Thirty years ago, succession in business was almost always thought of in male terms: crown prince, heir apparent, following in his dad’s footsteps. Yet, today, succession increasingly involves women, the result of their growing emergence as entrepreneurs, senior business executives and CEOs.
The implications for financial services professionals are significant. To best serve women business owners and their companies, financial services professionals must understand that succession planning with women is different.
A woman business owner has unique needs and perspectives that tend to make succession planning a longer process involving both personal and business issues, including the welfare of her executives and employees who will remain with the company after her departure.
To better understand the dynamics at work, here are three areas in particular that deserve your attention.
What Your Peers Are Reading
Bridging the gender gap
Women CEOs prepare better for succession than men. According to the MassMutual Financial Group/Raymond Institute American Family Business Survey, 49% of companies led by women have selected a successor already, compared to 40% of companies led by men.
Not only are women CEOs more predisposed to discussing succession issues, they also demonstrate keen sensitivity to gender issues. For example, woman-owned family firms are more likely to choose a woman successor as CEO. And they are more likely to have greater gender balance in the composition of their boards of directors, according to the survey.
As a result, financial services professionals who seek to serve this market need to understand and display appropriate sensitivity to gender issues that apply to the selection of successors and the makeup of boards.
Unique issues, unique needs
Notwithstanding their predisposition to succession planning, women investors, particularly professional women, face unique financial planning issues and offer unique perspectives. First, as a group they tend to be underinsured and ill-prepared, generally carrying less life insurance than men.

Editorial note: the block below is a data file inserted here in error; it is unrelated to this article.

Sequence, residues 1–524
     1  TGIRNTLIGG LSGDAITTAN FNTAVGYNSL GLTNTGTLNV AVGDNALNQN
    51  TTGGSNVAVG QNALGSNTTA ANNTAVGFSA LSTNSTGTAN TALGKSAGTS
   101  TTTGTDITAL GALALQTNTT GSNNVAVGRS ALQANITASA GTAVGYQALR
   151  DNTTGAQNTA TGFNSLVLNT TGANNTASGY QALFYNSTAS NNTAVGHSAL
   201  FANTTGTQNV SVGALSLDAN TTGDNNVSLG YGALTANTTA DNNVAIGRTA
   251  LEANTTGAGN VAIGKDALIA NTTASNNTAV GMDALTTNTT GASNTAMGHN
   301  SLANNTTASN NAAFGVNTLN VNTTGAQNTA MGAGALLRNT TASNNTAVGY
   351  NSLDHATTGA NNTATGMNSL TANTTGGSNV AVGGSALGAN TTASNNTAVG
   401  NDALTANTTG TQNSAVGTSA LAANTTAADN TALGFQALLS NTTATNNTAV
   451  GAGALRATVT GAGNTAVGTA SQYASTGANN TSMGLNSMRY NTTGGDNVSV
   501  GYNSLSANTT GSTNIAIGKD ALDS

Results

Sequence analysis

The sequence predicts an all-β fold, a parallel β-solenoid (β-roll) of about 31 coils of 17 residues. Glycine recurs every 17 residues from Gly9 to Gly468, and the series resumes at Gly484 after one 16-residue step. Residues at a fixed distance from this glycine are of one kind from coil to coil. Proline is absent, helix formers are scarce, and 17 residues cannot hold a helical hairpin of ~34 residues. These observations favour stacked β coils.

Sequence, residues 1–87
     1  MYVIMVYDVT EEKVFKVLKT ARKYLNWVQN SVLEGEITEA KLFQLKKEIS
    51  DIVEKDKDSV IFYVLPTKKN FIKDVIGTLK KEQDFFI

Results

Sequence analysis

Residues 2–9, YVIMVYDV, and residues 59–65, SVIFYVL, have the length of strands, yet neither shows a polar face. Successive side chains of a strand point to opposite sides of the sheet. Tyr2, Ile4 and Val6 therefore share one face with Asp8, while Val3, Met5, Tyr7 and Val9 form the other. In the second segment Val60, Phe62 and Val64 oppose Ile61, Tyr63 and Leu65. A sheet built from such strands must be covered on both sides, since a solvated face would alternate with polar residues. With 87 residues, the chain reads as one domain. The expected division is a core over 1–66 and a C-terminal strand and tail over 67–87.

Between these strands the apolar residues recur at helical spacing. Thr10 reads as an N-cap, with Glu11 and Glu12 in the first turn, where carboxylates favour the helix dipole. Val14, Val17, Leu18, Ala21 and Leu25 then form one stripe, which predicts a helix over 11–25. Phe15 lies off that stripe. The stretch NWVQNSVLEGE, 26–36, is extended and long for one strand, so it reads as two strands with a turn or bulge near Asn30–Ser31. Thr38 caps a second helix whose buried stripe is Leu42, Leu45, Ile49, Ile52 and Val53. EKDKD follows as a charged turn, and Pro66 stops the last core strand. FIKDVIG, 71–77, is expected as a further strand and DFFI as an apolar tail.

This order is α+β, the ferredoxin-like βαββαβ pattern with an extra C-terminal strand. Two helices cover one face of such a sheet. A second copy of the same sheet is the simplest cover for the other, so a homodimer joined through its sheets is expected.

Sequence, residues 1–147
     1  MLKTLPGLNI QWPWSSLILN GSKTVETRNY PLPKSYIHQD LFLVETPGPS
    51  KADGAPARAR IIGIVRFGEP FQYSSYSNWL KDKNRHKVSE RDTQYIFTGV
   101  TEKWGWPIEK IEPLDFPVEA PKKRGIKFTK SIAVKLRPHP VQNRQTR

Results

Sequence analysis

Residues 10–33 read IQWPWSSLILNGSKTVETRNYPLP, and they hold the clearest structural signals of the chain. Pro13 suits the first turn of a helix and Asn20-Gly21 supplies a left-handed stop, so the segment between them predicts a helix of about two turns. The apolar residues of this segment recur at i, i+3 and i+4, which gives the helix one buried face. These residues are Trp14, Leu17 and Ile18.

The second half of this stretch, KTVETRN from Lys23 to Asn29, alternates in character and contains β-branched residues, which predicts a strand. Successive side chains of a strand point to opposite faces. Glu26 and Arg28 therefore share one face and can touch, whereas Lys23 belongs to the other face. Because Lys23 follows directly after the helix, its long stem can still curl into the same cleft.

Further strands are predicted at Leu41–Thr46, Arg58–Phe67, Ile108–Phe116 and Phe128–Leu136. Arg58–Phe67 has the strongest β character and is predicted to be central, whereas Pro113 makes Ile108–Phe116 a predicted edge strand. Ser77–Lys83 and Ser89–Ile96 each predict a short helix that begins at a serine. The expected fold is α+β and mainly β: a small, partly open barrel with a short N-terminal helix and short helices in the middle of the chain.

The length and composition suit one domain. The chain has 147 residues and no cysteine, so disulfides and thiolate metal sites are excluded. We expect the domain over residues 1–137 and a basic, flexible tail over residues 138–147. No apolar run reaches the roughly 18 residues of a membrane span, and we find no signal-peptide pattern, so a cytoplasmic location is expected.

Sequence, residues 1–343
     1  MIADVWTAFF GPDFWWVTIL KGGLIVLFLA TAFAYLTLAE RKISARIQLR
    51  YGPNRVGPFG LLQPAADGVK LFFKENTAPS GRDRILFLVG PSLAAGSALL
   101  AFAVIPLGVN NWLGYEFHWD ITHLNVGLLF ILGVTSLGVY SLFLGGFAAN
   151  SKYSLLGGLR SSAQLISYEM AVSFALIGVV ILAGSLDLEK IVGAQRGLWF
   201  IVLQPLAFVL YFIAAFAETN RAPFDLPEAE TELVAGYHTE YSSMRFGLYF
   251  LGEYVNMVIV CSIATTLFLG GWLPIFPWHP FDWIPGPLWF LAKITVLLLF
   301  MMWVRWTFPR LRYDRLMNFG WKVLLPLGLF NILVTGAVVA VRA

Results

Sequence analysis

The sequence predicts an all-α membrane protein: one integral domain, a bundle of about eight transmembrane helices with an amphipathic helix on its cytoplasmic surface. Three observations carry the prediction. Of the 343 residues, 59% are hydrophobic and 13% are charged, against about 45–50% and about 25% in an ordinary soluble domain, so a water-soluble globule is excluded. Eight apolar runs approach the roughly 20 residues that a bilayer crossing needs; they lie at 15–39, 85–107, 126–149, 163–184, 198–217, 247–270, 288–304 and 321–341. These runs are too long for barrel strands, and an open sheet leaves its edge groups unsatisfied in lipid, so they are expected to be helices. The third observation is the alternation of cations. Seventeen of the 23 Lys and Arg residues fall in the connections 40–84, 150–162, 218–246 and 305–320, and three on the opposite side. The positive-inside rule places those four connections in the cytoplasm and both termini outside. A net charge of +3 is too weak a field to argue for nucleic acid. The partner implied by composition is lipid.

Why? Women executives often spend much time and effort caring for the financial needs of their families and loved ones, sometimes to the detriment of their own personal finances. Second, many women investors believe that their financial advisors do not listen to them. However, high-net-worth women often cite financial professionals as their most important source of investing advice.
As a result, the relationship between advisor and female investor can be tenuous or–when solidified through superior attention and service–valuable to the client.
These factors are particularly important for a financial services professional attempting to help a female CEO with personal financial issues in preparation for a succession. It is necessary to spend time understanding your client’s needs by exploring not only the hard financial numbers but also the feelings that accompany them.
Additionally, it is important to recognize that a female CEO, despite her success in business, might not be as financially prepared as one might assume she would be for her transition. It behooves the financial services professional to explore critical issues such as:
o living comfortably in retirement;
o protecting and growing assets;